כִּֽי־בָרֵ֣ךְ אֲבָרֶכְךָ֗ וְהַרְבָּ֨ה אַרְבֶּ֤ה אֶֽת־זַרְעֲךָ֙ כְּכוֹכְבֵ֣י הַשָּׁמַ֔יִם וְכַח֕וֹל אֲשֶׁ֖ר עַל־שְׂפַ֣ת הַיָּ֑ם
I will surely bless you and make your descendants as numerous as the stars in the sky and as the sand upon the seashore.
Imagine a living, green menorah as a symbol of our covenant to be guardians of God’s earth.
The rainbow, with it’s varied and beautiful refracted hues has become the symbol of diversity, including in our Jewish communities: diversity of gender identity and sexual orientation, race and ethnicity, and physical or intellectual ability, among many other factors. The Torah teaches that every human being is created in the divine image. Check into these organizations that foster diversity and inclusiveness in the Jewish world (I love noting how often retreats and camps are part of the work!):
It is all too easy to see so many situations in the world—on the local or global scale—that seem dark and bleak. Consider the old proverb, “Better to light a single candle than to curse the darkness.” Find one step that you can take for light,for healing, and do it today. (more…)
The Rainbow Covenant & the Planet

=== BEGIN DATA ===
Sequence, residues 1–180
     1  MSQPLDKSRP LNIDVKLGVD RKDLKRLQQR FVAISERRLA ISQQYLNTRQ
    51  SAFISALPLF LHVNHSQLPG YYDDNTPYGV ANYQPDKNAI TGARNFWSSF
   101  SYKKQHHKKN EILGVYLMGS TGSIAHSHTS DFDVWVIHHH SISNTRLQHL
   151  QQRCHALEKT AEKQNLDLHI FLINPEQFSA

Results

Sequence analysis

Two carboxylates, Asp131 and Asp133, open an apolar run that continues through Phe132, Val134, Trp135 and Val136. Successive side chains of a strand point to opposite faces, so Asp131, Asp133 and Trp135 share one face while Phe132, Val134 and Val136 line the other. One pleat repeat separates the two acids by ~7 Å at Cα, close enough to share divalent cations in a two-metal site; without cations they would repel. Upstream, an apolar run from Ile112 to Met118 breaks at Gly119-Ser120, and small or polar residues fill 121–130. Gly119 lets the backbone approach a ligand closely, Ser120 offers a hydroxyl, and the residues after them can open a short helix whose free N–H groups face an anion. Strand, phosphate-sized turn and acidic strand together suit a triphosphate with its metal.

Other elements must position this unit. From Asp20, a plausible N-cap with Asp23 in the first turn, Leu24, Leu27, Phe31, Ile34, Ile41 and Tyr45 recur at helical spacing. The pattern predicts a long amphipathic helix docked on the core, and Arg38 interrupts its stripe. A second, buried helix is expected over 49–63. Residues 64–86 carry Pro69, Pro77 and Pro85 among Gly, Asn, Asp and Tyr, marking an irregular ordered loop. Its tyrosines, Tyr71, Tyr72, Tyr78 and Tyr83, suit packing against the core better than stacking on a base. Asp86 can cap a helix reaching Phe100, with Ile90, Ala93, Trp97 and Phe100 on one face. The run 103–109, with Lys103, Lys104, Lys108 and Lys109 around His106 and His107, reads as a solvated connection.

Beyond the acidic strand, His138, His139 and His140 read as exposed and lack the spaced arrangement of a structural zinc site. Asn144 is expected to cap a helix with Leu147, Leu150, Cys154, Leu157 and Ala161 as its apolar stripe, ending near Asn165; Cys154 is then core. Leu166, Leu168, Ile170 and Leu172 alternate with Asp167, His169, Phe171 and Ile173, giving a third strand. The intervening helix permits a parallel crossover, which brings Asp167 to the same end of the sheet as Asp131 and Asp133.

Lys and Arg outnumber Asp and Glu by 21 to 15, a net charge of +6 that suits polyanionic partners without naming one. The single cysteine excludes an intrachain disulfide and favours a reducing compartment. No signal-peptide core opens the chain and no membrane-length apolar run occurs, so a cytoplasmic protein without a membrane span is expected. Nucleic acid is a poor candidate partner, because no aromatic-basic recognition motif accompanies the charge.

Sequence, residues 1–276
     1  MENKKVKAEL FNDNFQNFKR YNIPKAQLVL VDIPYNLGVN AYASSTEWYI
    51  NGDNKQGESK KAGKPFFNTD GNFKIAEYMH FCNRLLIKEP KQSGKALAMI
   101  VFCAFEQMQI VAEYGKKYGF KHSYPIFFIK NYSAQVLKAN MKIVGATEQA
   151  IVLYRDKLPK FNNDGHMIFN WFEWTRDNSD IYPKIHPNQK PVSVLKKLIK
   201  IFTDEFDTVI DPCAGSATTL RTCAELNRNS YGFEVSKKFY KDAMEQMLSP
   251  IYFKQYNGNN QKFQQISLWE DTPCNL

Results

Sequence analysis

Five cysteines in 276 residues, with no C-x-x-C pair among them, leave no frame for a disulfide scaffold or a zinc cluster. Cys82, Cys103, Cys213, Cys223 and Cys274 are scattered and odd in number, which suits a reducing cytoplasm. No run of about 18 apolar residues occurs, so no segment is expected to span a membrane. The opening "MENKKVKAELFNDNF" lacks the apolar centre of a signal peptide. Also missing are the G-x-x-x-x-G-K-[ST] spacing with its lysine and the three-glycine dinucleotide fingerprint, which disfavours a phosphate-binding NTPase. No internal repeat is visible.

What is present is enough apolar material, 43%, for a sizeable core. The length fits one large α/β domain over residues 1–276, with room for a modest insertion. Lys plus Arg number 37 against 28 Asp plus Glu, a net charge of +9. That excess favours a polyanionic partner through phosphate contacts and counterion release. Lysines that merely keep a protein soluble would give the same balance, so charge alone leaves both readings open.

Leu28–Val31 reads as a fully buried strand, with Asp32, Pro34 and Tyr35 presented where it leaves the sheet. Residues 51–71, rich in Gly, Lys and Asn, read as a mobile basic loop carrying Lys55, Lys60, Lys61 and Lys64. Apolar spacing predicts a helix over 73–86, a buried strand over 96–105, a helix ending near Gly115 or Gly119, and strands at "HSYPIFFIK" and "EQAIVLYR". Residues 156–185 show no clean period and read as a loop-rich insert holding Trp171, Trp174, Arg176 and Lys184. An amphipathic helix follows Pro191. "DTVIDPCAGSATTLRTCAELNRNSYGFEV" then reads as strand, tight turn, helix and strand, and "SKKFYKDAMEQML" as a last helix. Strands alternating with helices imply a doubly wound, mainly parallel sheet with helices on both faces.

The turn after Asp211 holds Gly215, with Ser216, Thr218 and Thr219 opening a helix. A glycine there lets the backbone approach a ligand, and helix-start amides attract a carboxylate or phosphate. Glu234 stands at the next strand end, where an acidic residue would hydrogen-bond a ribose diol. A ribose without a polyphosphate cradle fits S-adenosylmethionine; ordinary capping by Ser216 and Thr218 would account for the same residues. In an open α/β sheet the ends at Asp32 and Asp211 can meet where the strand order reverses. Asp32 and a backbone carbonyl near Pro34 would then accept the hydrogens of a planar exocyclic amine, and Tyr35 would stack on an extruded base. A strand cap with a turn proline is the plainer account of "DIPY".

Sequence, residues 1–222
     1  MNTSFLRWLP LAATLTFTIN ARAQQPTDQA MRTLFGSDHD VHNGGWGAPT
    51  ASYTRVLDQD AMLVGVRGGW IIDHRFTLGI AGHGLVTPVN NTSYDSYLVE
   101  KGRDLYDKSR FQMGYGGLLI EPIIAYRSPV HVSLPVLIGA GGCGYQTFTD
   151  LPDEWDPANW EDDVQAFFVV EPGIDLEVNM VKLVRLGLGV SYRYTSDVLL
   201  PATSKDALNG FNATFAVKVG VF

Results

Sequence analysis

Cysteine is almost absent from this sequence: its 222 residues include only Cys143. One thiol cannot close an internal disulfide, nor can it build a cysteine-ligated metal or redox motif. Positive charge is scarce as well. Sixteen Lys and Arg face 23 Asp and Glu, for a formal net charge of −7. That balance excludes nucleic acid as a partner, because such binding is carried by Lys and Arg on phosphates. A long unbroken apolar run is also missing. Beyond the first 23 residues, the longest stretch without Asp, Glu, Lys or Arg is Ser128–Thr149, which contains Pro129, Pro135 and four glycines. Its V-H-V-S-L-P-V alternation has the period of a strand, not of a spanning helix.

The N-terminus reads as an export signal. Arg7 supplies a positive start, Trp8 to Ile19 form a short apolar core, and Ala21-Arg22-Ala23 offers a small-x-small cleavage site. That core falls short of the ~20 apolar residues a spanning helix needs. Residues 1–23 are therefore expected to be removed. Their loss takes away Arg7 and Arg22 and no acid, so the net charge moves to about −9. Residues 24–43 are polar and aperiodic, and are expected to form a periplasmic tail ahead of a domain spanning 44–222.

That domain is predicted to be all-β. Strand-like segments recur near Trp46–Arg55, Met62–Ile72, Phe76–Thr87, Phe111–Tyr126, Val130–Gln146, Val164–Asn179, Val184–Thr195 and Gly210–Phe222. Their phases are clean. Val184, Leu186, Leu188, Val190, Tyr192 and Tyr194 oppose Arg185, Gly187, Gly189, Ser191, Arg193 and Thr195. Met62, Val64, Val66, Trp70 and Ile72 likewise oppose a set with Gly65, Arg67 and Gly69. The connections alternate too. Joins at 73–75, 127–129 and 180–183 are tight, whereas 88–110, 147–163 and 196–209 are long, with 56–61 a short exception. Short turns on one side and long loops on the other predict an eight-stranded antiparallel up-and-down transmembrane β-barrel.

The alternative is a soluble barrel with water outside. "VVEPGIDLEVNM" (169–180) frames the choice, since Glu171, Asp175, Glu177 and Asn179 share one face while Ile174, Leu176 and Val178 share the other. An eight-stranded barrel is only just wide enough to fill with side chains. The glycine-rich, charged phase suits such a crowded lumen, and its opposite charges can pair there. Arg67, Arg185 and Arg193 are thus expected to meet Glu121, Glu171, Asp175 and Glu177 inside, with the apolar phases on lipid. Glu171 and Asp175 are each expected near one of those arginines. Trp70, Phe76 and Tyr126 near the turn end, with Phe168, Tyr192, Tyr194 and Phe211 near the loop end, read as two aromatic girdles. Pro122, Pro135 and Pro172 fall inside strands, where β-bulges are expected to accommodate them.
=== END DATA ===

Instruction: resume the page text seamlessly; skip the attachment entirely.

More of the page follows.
Although we often first learn the story of Noah as children, as if it is just a colorful tale of a floating zoo, it is actually a terrifying story of destruction, chaos, and survival. After Noah, his family, and the animals survive the Great Flood, God chooses the rainbow, an existing natural phenomena, as the sign of a covenant of forbearance not just with one person or even a nation, but with the entire planet.
Picture the splitting of the Reed (or Red) Sea. Based on the movie versions, we tend to visualize Moses raising his staff, so that the waters part instantly—supernatural special effects! But the Torah (Exodus 14:21), offers a more naturalistic depiction of the miracle, one that involves wind: (more…)
We have heard the expression “Sea of Torah.” But how about Torah as coral?
Famed oceanographer Sylvia Earle explains that just a few decades ago, human beings imagined that the world’s oceans were so vast, there was no way that humanity could harm them. The ocean was seen as bottomless basket of resources for humanity, providing us with everything from fossil fuels to fish. (more…)
The blowing of the shofar is also a call to take action for justice in the world.